Mustang Cooling and Ferrari Grille
Mustang Cooling and Ferrari Grille
I’ve been putting some mileage on the Mustang sorting out the issues since her engine rebuild over the winter. The engine is doing well, and I’m proud to say she’s running pretty sweetly. One problem however, is since the engine rebuild the marginal cooling system was not up to the task. I took the car to the beach over a recent holiday weekend, and watched the temperature gauge soar to new levels as the car idled in traffic. It was not a comforting sight, especially with the thought of hurting my new engine from all the heat. I made it home without a breakdown, but was determined to remedy the problem.
I had a number of options, and I chose to go the mechanical route as opposed to installing an electric fan, but the first thing on my list was a fan shroud and larger capacity radiator. As I sat in traffic a few weeks back, I noticed the temperature dropping as soon as the car started moving, but would only shoot up when I was stopped at idle for more than a few minutes. This pointed to poor heat exchange from the radiator to the surrounding air. Moving more air across the radiator with a better fan and a shroud to direct the air would definitely make an improvement. I bought a larger radiator for added insurance against overheating along with an overflow tank to catch stray coolant.
I went with a stainless steel flex fan because I didn’t want to wire in a thermostatic switch and relays associated with an electric fan. Using a belt driven fan is simplicity at its best, and moving more air with a flex fan would make a big improvement over the stock stamped steel unit. The only draw back I found was the new fan is noisy! When I accelerate hard on the Mustang, I hear the whirring of the fan over some of the good sounds of the engine. I’ll either get used to it, or I’ll swap it for an electric set up. We’ll see. If I keep this set up, I’ll take it all apart and paint everything black to match the engine.
My Ferrari is getting some rest after the show in Scarsdale. I’ve been slowly fixing a couple small issues that have cropped up since the show, but eventually she’ll have to head down to François’ shop to have first valve adjustment and head torquing since her rebuild.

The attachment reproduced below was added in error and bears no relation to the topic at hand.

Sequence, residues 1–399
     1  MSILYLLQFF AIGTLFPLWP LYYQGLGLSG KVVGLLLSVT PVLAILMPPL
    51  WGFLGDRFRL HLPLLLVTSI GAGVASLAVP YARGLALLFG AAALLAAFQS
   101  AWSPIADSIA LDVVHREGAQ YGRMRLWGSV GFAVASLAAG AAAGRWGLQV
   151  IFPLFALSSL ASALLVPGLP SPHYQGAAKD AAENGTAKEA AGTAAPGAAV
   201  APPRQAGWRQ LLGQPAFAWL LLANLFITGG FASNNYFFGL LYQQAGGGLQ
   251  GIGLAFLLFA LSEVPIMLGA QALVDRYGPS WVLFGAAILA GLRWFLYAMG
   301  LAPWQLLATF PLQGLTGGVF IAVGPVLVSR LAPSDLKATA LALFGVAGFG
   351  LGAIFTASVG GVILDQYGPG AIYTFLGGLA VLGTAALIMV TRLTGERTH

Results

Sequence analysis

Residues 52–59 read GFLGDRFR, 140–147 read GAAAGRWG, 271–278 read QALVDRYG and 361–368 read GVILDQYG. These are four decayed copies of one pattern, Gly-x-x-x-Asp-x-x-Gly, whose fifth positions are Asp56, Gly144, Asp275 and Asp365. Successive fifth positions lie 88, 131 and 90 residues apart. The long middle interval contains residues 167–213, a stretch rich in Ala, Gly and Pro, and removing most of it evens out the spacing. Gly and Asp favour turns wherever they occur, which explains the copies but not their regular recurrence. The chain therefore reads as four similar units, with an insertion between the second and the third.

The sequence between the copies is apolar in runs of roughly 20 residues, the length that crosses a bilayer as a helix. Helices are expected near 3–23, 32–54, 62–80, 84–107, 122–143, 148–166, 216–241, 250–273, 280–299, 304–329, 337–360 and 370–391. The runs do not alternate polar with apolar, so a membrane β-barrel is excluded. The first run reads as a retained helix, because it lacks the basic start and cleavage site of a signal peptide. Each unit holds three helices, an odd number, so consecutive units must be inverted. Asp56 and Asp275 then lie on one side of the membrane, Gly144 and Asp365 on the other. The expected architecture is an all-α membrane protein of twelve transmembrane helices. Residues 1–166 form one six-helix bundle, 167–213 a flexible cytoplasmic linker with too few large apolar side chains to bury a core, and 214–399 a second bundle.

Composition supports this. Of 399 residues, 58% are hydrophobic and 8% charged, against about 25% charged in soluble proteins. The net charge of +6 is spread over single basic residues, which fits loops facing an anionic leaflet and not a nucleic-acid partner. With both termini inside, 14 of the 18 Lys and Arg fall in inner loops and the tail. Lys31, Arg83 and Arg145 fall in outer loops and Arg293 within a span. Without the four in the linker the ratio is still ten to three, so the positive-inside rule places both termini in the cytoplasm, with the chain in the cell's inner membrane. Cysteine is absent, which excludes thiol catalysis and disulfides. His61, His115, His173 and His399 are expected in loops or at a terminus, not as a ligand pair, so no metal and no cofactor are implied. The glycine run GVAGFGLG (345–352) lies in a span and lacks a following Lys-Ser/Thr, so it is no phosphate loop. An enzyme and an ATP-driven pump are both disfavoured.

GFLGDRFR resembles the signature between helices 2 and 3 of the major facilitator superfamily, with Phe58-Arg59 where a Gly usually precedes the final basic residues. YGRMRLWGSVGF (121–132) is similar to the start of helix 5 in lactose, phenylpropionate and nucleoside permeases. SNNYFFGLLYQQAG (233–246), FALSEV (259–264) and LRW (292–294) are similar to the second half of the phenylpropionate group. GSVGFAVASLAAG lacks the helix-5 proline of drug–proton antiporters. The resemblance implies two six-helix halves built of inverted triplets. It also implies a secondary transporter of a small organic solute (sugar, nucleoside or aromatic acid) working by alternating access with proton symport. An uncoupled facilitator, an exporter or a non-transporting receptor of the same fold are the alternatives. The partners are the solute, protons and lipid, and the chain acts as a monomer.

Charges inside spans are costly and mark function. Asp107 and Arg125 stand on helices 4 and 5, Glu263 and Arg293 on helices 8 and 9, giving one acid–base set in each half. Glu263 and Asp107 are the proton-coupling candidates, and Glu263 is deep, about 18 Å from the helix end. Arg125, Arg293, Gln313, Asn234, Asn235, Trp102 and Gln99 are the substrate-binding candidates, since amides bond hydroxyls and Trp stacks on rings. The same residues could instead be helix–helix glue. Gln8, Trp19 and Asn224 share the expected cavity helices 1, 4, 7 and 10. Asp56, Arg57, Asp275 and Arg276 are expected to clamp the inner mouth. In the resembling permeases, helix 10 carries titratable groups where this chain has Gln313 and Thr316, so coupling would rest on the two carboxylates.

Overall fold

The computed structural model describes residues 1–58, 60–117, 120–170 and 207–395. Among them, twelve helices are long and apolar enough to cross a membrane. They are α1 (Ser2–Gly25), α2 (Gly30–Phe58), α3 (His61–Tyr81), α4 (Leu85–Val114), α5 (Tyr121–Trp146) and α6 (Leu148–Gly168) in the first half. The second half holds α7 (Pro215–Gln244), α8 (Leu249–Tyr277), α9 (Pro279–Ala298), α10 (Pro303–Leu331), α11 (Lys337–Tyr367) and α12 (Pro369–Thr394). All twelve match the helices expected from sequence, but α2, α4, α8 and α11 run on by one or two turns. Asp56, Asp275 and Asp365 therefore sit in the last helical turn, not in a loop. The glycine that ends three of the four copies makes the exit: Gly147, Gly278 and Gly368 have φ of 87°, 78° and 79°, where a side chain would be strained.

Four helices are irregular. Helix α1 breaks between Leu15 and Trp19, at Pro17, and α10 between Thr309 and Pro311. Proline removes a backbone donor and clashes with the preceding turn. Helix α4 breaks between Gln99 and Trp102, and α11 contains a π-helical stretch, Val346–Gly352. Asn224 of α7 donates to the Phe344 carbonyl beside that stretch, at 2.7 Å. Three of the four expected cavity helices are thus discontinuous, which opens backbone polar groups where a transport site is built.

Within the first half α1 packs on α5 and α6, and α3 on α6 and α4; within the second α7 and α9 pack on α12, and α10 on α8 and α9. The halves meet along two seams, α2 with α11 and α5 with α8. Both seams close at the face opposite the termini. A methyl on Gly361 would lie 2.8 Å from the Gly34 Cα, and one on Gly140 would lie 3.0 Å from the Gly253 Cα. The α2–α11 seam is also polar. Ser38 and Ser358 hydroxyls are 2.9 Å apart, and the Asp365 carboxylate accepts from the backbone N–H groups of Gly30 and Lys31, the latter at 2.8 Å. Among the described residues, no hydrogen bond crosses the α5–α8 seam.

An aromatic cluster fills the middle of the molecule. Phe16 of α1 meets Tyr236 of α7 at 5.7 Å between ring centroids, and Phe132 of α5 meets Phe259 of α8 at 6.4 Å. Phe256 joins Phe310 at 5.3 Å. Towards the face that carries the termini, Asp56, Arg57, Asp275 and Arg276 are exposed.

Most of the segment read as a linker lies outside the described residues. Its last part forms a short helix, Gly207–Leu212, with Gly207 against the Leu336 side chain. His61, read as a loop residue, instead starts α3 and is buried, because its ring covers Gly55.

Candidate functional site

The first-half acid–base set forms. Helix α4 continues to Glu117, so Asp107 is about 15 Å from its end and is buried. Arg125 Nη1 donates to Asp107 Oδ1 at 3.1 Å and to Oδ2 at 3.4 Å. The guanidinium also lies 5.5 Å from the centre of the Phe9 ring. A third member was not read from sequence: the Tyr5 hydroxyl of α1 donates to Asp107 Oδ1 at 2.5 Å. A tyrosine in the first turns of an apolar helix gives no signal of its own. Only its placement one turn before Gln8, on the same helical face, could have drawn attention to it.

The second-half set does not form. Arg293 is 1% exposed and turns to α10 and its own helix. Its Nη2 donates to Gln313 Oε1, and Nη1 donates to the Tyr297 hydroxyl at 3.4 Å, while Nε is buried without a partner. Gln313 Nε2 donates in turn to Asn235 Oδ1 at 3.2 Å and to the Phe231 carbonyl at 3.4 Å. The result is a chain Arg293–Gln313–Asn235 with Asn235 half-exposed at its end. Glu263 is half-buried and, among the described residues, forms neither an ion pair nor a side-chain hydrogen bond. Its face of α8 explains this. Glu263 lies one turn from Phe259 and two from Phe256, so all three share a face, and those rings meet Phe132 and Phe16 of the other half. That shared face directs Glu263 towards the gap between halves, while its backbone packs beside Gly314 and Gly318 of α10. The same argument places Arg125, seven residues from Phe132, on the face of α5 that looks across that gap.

After installing the grille and the rubber surround, I found I cut the rubber too long. I figured it was safer to have too much than to cut the rubber too short, so now I needed to take a little more off the length.
The trick to installing grille rubber is NOT to use weather stripping adhesive to hold the rubber to the grille. The rubber will stay in place if it is fitted snugly around the grille shell. The only place that needs to be glued is where the two ends meet with some cyanoacrylate ester, other wise known as Crazy Glue! One drop on the the rubber ends is all you’ll need after the rubber is cleaned with some solvent. I used tape to hold the ends together while the glue set. Of course this is best done off the grille using a piece of scrap metal to guide the two pieces together, but my grille was already mounted and I wasn’t about to take it off again!
The seam is almost invisible, and is pretty strong. I tried to pull the old one apart, and it was pretty well glued.
I’ve also had some small electrical issues, like a failing flasher unit. The 40 plus year old flasher can is failing, and sometimes chooses to stop flashing. I’ll have to take it to the auto parts store and ask the guy at the counter to find a similar flasher unit with bullet style connectors to fix my “Fiat!”
My electric fuel pump also stopped working, but after checking the circuit, I found it worked once I remade the connection again. Hopefully it was just a bad connection. My theory is this area got very hot from the overheated exhaust a couple weeks back, and caused the electrical connections to loosen. I’ll see if everything continues to work in the upcoming weeks.
An interesting thing is my intermittent short I never found with my parking lights has not come back. I ran the car’s lights all the way down to Scarsdale without blowing a fuse. Perhaps I fixed something when I was checking the wiring a few months back, so let’s hope this stays fixed!
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